Art in the Park

Attracting visitors to the park and arousing interest in the routine subtleties of daily life, dynamic art spectacles will encourage all to see Redmond Park in new ways and spark the imagination of Wellington Heights guests and residents.

The Gates – Facing East [photo: Morris PearlCC BY-SA 3.0]

From Wikipedia:

Artists installed 7,503 vinyl “gates” along 23 miles (37 km) of pathways in Central Park in New York City. From each gate hung a panel of deep saffron-colored nylon fabric. […] The Gates alludes to the tradition of Japanese torii gates, traditionally constructed at the entrance to Shinto shrines.

The vision

Redmond Park will host rotating public displays featuring local art. The works should seek to transform park visitors’ experience through interaction, engagement of senses, novelty, and character.

[…] effective arts-based Placemaking projects go well beyond the idea of art for art’s sake. The goal of this work is to build strong, healthy, and resilient cities by integrating the arts into broader community revitalization and Placemaking efforts. It is about leveraging the power of arts and culture to strengthen communities and drive social change. […] And because they have always played an important role in the life of our cities and communities, the arts need to be a central component, not an afterthought, in our policy and planning discussions – or indeed in “any public, private, [or] community conversations that seek to bring about change.”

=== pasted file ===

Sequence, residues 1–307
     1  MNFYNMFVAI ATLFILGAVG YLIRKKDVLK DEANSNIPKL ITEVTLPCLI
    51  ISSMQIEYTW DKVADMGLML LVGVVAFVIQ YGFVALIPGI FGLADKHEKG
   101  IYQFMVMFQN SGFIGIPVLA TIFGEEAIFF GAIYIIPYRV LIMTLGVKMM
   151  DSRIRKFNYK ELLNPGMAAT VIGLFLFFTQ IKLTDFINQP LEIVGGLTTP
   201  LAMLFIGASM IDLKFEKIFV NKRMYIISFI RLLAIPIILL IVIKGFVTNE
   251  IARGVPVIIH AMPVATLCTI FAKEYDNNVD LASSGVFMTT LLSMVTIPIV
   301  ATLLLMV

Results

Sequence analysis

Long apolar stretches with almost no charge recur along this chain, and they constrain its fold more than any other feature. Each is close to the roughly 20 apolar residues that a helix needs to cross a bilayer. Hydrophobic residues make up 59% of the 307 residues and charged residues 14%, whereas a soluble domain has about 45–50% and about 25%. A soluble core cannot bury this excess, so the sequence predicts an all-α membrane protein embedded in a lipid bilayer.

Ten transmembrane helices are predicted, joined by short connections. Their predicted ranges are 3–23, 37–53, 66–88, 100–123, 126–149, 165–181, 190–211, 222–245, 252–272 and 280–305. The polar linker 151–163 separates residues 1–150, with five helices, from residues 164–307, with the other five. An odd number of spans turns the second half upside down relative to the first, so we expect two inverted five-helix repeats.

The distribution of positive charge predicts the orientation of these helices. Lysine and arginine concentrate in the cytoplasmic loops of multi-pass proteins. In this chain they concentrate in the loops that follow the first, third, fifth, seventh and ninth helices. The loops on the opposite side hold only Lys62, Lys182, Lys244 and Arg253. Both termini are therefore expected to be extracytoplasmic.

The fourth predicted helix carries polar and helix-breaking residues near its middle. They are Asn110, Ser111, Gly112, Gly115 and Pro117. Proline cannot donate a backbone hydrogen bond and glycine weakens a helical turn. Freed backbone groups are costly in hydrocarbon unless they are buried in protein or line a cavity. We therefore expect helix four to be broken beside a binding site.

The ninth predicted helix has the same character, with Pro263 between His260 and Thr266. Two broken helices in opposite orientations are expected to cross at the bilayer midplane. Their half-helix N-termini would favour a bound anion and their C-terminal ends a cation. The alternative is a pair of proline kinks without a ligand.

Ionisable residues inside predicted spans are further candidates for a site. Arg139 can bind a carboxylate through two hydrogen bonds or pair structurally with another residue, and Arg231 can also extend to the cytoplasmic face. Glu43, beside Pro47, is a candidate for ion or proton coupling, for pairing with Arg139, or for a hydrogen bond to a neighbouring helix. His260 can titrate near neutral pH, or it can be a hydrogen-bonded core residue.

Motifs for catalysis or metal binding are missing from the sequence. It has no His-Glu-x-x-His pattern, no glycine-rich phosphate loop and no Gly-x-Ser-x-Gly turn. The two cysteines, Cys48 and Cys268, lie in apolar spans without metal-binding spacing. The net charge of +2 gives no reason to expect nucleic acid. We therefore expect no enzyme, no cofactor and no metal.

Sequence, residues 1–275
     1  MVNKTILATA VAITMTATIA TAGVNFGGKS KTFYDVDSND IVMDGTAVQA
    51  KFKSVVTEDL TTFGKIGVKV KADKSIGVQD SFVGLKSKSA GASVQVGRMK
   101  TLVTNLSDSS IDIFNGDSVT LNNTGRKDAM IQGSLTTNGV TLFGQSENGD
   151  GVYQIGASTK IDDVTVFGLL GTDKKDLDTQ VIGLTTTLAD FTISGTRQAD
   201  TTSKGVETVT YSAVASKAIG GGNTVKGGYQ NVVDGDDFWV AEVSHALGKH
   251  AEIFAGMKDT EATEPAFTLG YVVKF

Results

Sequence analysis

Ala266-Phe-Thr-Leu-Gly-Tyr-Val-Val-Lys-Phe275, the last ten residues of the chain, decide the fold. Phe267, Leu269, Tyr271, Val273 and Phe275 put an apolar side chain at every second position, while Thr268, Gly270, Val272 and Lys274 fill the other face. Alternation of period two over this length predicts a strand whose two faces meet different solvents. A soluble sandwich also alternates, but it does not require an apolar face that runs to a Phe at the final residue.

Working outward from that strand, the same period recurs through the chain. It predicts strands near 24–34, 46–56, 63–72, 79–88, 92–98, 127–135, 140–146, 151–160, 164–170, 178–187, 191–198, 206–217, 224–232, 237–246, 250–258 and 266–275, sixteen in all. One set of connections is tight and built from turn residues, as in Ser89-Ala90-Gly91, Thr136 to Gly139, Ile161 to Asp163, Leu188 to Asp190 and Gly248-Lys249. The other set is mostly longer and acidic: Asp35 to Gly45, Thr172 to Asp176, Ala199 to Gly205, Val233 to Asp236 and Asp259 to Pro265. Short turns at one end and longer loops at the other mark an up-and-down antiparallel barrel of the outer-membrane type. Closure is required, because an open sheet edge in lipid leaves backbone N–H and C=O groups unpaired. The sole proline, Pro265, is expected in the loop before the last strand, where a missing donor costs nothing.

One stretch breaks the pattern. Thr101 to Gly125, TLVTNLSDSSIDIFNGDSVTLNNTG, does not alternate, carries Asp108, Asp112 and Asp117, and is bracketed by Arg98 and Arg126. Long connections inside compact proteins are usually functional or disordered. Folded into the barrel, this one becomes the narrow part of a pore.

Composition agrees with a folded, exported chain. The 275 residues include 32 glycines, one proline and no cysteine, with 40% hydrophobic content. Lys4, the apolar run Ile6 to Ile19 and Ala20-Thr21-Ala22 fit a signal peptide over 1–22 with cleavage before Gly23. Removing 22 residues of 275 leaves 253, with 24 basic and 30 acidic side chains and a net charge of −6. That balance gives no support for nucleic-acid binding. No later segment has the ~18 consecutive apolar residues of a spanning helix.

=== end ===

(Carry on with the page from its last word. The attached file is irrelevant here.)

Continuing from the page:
Creative Communities and Arts-based Placemaking, via Project For Public Spaces

Read more about tapping into the power of art to transform public spaces.


We are looking for a volunteer art coordinator and contributing designers. Interested? Drop us a line.


The Chandelier Tree

From Curbed — Los Angeles:

Creator Adam Tenenbaum came home from a set-building job with three spare chandeliers one day, then realized they’d look perfect hung in his tree at West Silver Lake and Shadowlawn, then realized they had to be lit. […] Tenenbaum says he wants the tree to feel “full and unique, but not overbearing and gaudy.”

Frozen Trees [photos: Fernando Guerra]

From DomusWeb:

An ephemeral intervention in a historical square builds an illuminated, frozen and fractal landscape. […] Thirty cylinders – structured, self-sufficient streetlights – are placed throughout the Rossio square in downtown Lisbon, drawing a new landscape and context and inviting the visitors to new spatial experiences.